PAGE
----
On February 4th, BEST Lab hosted its 7th Mercier Seminar at Lassonde School of Engineering with Karen Lai, the President and CEO of KPM Power. Karen studied Mechanical Engineering and worked in industry for 12 years before she started her company. She shared her learnings with our students on how she started her company from bootstrapping. Here are her insights:
How did you start your company?
– I made about 3 different business plans. My goal in each business plan was I wanted to make money in the first year. Just because you have a plan, it doesn’t mean you execute on that plan. The question is do you bet your house on it? If not, the question is why? What are the risks? If
you are unsure, do more market research. Talk to people in the industry, does your idea make sense? Do people feel a need?
– My business plan was all about cashflow predictions. How quickly can I make money? How quickly can I close an opportunity?
– In my 3 rd business plan, I am still following the same vision and step currently. I still believe in my plan.
– Bootstrapping is building a company from the ground up with nothing but personal savings and, with luck, the cash coming in from the first sales.
– What are the foundation for Bootstrapping:
- Investing in yourself for something better
- Work hard and show your worth
- Believe in yourself and surrounded yourself with people who believe in you.
- Sales is important, starting small, $5K, $10K, eventually become $50K, $100K, creating a reputation of integrity, resilience and commitment, customers will believe in you as well
- Don’t spend on unnecessary things, be generous to those who help you.
- Good credit, as a business with no previous record, the bank’s only reference is how you perform on your personal credit. Make sure you create a relationship with the bank and make sure they have a history of your business with that bank.
- Good mentorship: having someone to bounce ideas back and forth is great and the mentor keeps you on track with your business plan
– How did you get customers?
- A plan. You need a business plan. What do you ultimately want to do?
- You need a sales plan. How are you going to generate revenue? Think out of the box? What can you do to get money quickly? Who are customers to target? For me, the only thing I could offer was my labour. I consulted. I put all the money into the company and I basically worked to pay my team members. My revenue generation plan was:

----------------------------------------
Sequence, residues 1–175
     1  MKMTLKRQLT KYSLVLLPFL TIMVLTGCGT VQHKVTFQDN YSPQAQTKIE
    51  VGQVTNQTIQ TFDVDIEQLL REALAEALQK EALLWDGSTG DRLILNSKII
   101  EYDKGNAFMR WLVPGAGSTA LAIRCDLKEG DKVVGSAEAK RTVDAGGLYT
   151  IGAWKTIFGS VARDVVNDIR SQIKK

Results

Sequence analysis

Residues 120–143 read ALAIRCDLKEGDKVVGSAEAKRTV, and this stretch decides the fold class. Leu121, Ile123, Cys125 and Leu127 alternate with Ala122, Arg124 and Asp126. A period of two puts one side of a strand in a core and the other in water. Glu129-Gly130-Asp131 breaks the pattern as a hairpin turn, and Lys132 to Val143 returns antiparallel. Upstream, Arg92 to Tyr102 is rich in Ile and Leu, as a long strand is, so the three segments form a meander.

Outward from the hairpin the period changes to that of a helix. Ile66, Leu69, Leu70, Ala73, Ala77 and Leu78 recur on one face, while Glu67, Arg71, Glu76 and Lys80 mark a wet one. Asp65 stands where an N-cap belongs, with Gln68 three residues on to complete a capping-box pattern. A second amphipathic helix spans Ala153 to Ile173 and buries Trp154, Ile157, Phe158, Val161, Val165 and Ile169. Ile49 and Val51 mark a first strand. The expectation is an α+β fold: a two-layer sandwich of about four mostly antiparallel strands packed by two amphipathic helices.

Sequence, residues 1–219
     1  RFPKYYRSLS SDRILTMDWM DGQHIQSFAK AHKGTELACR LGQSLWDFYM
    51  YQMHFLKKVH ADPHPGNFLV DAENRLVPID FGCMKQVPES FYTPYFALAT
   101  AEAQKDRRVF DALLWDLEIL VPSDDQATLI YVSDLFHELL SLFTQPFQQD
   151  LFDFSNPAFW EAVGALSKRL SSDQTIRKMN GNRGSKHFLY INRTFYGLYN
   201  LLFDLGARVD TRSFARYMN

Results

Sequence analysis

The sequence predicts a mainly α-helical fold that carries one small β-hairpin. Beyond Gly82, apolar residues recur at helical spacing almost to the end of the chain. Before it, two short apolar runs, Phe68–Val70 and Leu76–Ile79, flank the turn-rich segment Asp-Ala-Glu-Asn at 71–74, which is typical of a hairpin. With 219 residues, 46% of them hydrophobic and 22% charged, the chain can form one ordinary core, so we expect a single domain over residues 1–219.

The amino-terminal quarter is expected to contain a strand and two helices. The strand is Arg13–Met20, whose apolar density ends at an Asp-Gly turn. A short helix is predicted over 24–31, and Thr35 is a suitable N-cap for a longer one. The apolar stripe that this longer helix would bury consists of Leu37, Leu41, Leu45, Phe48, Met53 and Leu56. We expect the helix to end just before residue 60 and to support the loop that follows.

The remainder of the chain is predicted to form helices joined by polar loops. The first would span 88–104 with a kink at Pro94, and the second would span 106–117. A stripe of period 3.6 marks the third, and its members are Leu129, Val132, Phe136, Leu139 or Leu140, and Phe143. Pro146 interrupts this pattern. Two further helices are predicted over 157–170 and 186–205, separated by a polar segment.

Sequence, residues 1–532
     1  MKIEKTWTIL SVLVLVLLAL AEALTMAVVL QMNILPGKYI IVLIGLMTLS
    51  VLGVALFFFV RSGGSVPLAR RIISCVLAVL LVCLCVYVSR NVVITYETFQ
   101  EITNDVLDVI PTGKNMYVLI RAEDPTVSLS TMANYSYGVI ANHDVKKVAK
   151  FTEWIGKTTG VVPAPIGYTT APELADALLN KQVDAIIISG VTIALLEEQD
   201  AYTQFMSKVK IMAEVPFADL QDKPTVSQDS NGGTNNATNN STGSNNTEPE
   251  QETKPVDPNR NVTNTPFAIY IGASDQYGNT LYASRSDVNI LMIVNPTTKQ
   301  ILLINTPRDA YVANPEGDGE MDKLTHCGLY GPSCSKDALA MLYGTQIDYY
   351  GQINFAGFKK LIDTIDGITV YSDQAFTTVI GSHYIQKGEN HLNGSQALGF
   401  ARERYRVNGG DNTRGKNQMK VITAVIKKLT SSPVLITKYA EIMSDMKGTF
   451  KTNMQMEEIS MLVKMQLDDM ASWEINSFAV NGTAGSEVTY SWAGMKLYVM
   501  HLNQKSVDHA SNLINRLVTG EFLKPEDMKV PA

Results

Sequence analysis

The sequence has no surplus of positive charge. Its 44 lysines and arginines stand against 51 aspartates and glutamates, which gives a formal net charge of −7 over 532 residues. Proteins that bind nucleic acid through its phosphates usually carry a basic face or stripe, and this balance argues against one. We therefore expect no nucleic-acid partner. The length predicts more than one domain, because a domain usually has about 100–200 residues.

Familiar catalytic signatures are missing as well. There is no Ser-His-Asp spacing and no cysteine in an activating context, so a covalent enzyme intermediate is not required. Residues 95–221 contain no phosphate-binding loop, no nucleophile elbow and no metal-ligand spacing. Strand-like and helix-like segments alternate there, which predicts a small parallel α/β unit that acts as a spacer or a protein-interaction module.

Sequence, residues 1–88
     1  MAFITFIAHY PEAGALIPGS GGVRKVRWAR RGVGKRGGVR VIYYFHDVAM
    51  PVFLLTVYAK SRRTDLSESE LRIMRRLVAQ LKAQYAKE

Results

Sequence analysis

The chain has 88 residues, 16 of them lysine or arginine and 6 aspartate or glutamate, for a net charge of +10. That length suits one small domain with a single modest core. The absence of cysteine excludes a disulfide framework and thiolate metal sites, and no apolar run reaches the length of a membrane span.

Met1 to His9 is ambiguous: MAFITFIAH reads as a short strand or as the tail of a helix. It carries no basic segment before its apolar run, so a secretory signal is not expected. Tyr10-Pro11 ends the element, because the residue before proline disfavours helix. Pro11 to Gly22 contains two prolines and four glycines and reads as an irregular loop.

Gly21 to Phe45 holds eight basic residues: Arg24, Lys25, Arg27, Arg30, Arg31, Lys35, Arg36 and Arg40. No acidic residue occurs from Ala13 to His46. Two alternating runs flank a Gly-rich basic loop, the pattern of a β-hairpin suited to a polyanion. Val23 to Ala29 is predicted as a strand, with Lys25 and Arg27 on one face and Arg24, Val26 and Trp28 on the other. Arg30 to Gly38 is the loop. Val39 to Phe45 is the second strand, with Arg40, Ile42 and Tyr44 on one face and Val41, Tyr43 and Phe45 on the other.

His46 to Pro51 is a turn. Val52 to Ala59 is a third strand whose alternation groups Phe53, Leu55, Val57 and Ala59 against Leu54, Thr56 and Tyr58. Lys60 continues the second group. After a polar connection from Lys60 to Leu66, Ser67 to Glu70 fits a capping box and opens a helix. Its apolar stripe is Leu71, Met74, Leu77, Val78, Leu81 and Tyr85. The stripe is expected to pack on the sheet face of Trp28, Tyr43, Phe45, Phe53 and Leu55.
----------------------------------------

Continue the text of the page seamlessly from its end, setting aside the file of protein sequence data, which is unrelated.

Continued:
1) Consulting – charging time, at the same time reach out to customers that can sell to
2) What did customer’s want? They wanted their products launched, I used my supply chain expertise and helped them source material in China. I used
my expertise in this area to focus on building the strategy suppliers in China.
3) All profits are to be invested back into R&D. I wanted our Battery Management System launched. I wanted to sell a product not a service. Once the BMS sells, then we can use those profits to launch our battery pack.
– What happens when things stray from the plan?
- Stay focussed on the plan end goal, things will stray. For example, I had a budget set for lawyer, accountant and marketing. I had a friend who was a lawyer and I was going to pay her to help us incorporate. She disappeared when I needed her to incorporate. I didn’t realize I would get a contract a week after quitting my job. So I had to incorporate. Lawyers are really busy. So I had to figure out how to incorporate myself. I was so nervous if I was doing everything right. I lucked out and I did. Accountants disappeared. I had to learn to do my own bookkeeping and understand my numbers. This actually is crucial for any business owner to fully understand their numbers. Expenses will creep and you need keep fixed costs low especially if you are not generating enough revenue to pay yourself.
– What is your view about failures?
- I think to learn is to fail. I think it is important to fail quickly and recover quickly. Almost failing school was a wake up call. Failure to speak up about my first pay was a learning lesson but I wouldn’t have learned to negotiate if that didn’t happen. Failure to pace myself lead to a burn out. I wouldn’t have realize how a break could make me think clearer and bigger. Other failures that I have learned on the way is over trusting people. People do not always have good intentions or have the intentions they seem to be offering. There was a Women’s Cleantech Challenge a couple of years ago. I made it to Top 30. A CTO of an automotive company tried to manipulate me to start a company with him just so he can use me as a puppet to pitch for him to get that $1M. I thought it was quite sad that there are people out there like that.
– What are the benefits of bootstrapping?
- The best benefits of bootstrapping is you are your own boss. You are not depending on an investor to tell you the direction to take your company. As I said, if you believe in your idea, are you willing to bet your house on it? So in my case, we only invested $17,000 into our company. The growth from our business is purely on sales.
- You learn to build a company from scratch. When it does well, it is quite rewarding.
- When you start making money, banks are a lot more willing to help you.
Thanks to Karen for sharing her invaluable insights with our students as they embark on new experiences.